For Jayson, being close to nature, is an essential condition for life quality. That’s one of the reasons, why he loves his new home in Tampere so much. “When I look outside the window I can see so far into the distance.” And it’s true. You can see the treetops and the sky, not like in big cities, where the buildings are so tall and narrow that you hardly see the sun sometimes.
On his trip to Bali Jayson couldn’t resist to bring his loved gadgets, so his rucksack was filled with sound devices up to the top. “Imagine you feel like being creative and then have to wait for one and half month, no way!”
He decided to react to Liisas vase with an audio-work. For that he would use the “electron” analog drum machine, that he bought in Indonesia.
During his stay, Jayson had recorded plenty of material, videos, images and sound recordings from the sea and the jungle. He wanted to create some audio-visual collage, combining impressions from Bali and Tampere. For that he would use pictures, that had been taken randomly by his go pro camera during filming.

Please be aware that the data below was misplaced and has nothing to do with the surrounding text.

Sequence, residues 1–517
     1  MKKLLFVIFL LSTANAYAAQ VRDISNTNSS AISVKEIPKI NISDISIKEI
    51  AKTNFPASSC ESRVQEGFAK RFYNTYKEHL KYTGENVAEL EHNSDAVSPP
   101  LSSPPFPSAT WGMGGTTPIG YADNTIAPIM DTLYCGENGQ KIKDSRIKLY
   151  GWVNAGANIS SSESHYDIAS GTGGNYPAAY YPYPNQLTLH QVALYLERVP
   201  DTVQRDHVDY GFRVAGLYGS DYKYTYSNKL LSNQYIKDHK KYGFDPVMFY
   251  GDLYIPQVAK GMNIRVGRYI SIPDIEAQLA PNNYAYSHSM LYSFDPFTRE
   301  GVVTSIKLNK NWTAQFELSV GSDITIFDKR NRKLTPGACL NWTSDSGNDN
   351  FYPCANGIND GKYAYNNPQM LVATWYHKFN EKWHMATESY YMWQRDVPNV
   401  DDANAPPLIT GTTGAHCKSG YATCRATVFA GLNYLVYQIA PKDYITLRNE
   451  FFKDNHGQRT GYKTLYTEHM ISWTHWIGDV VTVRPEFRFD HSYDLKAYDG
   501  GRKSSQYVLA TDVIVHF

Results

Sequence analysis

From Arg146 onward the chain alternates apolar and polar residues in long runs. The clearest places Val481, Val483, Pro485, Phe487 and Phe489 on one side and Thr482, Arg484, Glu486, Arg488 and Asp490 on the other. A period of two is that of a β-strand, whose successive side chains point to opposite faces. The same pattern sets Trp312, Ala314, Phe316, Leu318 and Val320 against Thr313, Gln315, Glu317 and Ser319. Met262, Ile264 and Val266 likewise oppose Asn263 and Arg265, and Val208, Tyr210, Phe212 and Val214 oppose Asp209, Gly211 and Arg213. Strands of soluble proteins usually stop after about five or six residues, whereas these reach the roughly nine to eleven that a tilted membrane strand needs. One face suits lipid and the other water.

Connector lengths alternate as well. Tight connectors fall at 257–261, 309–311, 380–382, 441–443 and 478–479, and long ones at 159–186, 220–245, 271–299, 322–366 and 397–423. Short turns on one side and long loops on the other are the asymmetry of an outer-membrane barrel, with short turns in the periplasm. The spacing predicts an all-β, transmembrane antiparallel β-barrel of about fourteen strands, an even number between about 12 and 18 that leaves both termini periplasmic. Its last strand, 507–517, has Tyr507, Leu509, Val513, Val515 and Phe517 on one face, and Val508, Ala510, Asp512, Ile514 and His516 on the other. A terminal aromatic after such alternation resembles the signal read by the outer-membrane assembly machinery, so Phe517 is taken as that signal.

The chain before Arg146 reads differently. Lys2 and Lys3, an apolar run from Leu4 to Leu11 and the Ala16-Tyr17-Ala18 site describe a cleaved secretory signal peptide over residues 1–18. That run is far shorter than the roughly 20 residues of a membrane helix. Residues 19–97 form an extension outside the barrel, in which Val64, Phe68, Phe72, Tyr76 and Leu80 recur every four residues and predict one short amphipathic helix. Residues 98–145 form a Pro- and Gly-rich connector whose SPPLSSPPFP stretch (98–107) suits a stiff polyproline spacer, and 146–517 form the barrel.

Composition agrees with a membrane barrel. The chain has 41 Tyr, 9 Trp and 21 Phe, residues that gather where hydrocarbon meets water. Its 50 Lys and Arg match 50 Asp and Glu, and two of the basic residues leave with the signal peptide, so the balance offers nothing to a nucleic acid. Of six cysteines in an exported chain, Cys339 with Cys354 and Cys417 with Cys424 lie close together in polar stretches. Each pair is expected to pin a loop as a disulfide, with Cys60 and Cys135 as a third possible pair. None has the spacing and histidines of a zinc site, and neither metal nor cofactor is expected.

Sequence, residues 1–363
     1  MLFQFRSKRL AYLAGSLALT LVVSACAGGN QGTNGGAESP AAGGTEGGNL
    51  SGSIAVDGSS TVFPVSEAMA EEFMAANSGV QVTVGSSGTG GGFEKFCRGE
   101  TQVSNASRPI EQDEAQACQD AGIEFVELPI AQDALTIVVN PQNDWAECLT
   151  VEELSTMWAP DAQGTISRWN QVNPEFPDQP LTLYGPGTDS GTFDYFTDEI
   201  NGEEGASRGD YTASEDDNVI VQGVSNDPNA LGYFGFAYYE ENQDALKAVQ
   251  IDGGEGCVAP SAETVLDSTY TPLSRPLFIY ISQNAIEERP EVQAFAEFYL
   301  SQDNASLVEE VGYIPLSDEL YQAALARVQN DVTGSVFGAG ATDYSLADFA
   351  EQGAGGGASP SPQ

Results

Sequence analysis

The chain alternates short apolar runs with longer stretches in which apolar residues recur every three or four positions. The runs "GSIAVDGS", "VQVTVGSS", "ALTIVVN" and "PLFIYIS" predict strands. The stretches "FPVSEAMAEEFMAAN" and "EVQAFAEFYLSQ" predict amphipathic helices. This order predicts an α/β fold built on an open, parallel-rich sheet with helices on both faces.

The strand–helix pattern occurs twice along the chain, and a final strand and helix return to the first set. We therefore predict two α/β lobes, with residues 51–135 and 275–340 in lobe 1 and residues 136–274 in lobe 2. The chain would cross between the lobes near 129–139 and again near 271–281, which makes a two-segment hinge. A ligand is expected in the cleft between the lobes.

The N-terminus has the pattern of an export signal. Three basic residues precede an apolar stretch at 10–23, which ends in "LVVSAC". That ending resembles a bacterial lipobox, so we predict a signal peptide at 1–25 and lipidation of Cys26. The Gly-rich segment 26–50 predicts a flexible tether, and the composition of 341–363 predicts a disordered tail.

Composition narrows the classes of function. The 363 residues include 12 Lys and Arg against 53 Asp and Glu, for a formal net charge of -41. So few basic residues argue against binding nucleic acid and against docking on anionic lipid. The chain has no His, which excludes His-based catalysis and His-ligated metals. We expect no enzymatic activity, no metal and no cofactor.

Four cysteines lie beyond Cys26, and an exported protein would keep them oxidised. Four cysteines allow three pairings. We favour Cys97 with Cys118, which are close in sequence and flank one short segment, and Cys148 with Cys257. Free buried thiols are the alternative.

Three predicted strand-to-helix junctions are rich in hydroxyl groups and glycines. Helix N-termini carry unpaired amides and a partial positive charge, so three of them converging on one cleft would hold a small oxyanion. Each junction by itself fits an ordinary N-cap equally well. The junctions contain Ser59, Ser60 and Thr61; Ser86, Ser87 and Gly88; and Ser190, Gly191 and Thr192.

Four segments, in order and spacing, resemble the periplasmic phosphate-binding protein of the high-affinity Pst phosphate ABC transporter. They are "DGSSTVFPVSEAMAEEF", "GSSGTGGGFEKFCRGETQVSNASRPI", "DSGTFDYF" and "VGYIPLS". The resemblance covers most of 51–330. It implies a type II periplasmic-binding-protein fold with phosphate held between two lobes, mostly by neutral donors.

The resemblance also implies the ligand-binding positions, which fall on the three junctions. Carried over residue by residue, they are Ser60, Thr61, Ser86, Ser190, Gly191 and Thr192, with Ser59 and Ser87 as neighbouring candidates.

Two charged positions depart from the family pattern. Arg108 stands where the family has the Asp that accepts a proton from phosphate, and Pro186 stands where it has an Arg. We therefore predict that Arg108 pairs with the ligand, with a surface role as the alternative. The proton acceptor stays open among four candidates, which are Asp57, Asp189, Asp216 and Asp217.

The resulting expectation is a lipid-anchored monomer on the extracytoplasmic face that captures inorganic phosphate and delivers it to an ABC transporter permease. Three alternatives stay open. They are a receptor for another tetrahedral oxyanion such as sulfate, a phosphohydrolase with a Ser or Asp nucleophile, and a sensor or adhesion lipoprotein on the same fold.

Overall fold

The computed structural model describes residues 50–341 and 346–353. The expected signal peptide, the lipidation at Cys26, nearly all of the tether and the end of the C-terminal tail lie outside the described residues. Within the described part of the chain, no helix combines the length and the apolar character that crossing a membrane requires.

Some of them were particularly appealing to Jayson. Random shots from underwater, surroundings in motion, sometimes blurry and abstract. He planned to use the matching sounds of the videos and transform them into samples. Later on he would watch the video and arrange the sounds with the drum machine and sample player live to film.
Before all this could happen, Jayson had to record matching sounds from the Finnish pendant to Balis’ green jungle and ocean. So we took a walk in the forest of Tampere to the nearby little lake.
Here Jayson looked for interesting spots and sounds. The voices of birds for example, the noise of the tall trees swaying in the wind, the sound of his dog “Flocke” stumping through puddles of water.
“Now the idea has become really big.”